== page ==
Anyone who gets our newsletter or regular updates has heard about what a bad year it is here. After two years of little to no rains and the severe lack of pasture that goes along with it, we knew that we were facing another food crisis, worse than that of 2005 which received international media attention. By the end of the hot season, cows that would normally sell for $500 in market were going for $10. Driving through the region you would see dead animals everywhere. Thankfully the rainy season did start (and is still going) although it seemed to come a little late farther up north. With the first big rain up north came flash floods which took many people’s remaining stock that had survived the hot season. Without their animals they have no means to buy food to feed their families. So now there is pasture, but many people don’t have animals to eat it. Environmentally speaking, it’s probably a good thing as the zone is over grazed, but for those individuals who have lost everything it is catastrophic.
In the midst of this catastrophe Arcata First Baptist Church gave $7,000 to help us feed the poorest of the poor. With that money we were able to buy a sack of millet, a sack of rice, and a 5 liter jug of oil each for 70 families. This will feed each family for approximately two months. The beneficiaries were from seven different sites, both Wodaabe and Tamasheq. Each one was more than grateful.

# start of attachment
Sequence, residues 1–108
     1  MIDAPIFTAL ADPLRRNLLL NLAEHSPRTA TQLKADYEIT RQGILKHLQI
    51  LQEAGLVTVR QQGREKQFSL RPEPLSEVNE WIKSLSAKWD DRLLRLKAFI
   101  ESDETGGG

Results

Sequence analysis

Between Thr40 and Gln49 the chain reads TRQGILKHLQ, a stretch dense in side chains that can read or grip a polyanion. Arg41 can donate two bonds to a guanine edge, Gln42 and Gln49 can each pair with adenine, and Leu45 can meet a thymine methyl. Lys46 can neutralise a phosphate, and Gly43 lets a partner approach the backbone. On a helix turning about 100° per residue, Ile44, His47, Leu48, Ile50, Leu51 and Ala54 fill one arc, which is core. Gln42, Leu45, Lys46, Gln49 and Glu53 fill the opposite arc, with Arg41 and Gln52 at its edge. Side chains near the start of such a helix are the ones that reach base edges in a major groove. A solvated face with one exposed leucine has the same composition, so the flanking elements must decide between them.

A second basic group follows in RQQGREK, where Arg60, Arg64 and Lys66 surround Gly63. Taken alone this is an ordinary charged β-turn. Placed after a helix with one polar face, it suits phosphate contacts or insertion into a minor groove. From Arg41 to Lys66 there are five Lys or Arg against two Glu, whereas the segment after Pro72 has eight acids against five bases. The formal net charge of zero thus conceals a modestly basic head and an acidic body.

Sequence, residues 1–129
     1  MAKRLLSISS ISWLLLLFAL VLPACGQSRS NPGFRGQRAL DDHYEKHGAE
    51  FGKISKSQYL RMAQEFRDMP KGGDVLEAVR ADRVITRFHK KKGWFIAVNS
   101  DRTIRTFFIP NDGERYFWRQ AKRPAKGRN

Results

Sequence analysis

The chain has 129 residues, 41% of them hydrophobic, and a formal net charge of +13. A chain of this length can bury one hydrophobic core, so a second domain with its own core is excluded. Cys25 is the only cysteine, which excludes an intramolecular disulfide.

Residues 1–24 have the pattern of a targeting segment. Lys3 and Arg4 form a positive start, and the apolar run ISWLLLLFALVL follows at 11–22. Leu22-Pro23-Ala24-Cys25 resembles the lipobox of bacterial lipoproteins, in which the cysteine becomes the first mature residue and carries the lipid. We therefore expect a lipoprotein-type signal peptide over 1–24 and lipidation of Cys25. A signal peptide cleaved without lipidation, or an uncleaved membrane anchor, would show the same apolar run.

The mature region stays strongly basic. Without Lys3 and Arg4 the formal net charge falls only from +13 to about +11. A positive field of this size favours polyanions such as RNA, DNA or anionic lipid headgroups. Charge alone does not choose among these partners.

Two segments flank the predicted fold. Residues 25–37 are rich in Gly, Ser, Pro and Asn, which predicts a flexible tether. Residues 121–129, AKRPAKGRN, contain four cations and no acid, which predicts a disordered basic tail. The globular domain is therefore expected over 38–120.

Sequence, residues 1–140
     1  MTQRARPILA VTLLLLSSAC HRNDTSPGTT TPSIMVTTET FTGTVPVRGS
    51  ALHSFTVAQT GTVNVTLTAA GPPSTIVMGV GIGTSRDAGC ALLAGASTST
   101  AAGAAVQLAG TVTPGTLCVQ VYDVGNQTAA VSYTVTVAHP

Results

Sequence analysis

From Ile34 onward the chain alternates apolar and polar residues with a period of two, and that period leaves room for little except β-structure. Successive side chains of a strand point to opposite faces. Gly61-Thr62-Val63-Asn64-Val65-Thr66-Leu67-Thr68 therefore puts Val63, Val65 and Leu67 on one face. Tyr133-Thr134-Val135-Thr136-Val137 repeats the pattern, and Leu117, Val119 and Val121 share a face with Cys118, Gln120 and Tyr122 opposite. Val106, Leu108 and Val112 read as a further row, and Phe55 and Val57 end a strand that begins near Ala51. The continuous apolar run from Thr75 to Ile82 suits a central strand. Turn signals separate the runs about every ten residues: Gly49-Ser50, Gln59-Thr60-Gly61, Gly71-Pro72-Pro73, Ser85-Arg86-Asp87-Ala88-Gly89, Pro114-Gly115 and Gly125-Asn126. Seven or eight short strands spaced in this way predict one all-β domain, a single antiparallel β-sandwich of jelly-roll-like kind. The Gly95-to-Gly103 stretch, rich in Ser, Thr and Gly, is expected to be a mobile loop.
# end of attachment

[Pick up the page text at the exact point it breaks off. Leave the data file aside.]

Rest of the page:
Some of the food waiting to be distributed.
Micah waiting to go out to the bush.
For security reasons, just to be on the safe side, we took armed guards out with us. They were quite taken with Micah
One of the grateful recipients.
“Signing” for their grain with their thumb prints
Micah helping with the distribution
There doesn’t seem to be an abundance of aid coming in and really the crisis is just beginning, or I guess you could say it continues. We call it post-crisis. We made it through the hot season and the rains and the pasture have come, but now many people are left with nothing. Next we will do what we can to help people re-stock their herds so that they can hopefully become once again self-sufficient.